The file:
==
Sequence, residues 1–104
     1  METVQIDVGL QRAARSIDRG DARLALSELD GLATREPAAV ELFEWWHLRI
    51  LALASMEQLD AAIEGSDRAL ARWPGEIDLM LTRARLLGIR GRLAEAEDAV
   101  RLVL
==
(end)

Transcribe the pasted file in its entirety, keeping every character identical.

Sequence, residues 1–104
     1  METVQIDVGL QRAARSIDRG DARLALSELD GLATREPAAV ELFEWWHLRI
    51  LALASMEQLD AAIEGSDRAL ARWPGEIDLM LTRARLLGIR GRLAEAEDAV
   101  RLVL